There's no guaranteed way to prevent oppositional defiant disorder. However, positive parenting and early treatment can help improve behavior and prevent the situation from getting worse. The earlier that ODD can be managed, the better.

Treatment can help restore your child's self-esteem and rebuild a positive relationship between you and your child. Your child's relationships with other important adults in his or her life — such as teachers and care providers — also will benefit from early treatment.

Diagnosis

To determine whether your child has oppositional defiant disorder, the mental health professional will likely do a comprehensive psychological evaluation. Because ODD often occurs along with other behavioral or mental health problems, symptoms of ODD may be difficult to distinguish from those related to other problems.

Your child's evaluation will likely include an assessment of:

  • Overall health
  • Frequency and intensity of behaviors
  • Emotions and behavior across multiple settings and relationships
  • Family situations and interactions
  • Strategies that have been helpful — or not helpful — in managing problem behaviors
  • Presence of other mental health, learning or communication disorders

Treatment

Treatment for oppositional defiant disorder primarily involves family-based interventions, but it may include other types of psychotherapy and training for your child — as well as for parents. Treatment often lasts several months or longer. It's important to treat any co-occurring problems, such as a learning disorder, because they can create or worsen ODD symptoms if left untreated.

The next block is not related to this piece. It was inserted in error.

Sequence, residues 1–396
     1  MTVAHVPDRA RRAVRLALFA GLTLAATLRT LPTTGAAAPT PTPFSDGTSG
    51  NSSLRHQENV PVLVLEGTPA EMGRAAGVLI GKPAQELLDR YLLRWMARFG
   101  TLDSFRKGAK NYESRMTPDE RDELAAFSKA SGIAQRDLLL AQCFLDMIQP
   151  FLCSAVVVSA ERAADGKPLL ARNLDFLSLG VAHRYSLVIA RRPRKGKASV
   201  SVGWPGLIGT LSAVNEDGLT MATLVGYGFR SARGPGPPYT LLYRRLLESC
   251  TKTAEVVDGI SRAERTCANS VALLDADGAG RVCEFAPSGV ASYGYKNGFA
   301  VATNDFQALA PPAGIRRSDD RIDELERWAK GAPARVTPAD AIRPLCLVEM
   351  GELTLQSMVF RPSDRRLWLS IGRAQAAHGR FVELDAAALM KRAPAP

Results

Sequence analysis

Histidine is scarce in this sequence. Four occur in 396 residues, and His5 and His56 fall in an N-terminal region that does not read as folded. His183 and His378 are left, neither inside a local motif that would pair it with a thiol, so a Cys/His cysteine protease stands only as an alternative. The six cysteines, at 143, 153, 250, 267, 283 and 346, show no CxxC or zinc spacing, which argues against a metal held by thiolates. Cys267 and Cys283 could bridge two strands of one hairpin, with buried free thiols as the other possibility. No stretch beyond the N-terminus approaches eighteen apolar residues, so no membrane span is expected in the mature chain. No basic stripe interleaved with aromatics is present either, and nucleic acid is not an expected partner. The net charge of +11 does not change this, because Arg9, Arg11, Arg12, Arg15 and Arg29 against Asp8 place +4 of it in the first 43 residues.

Medications alone generally aren't used for ODD unless your child also has another mental health disorder. If your child has coexisting disorders, such as ADHD, anxiety or depression, medications may help improve these symptoms.

The cornerstones of treatment for ODD usually include:

  • Parent training. A mental health professional with experience treating ODD may help you develop parenting skills that are more consistent, positive and less frustrating for you and your child. In some cases, your child may participate in this training with you, so everyone in your family develops shared goals for how to handle problems. Involving other authority figures, such as teachers, in the training may be an important part of treatment.
  • Parent-child interaction therapy (PCIT). During PCIT, a therapist coaches parents while they interact with their child. In one approach, the therapist sits behind a one-way mirror and, using an "ear bug" audio device, guides parents through strategies that reinforce their child's positive behavior. As a result, parents learn more-effective parenting techniques, the quality of the parent-child relationship improves, and problem behaviors decrease.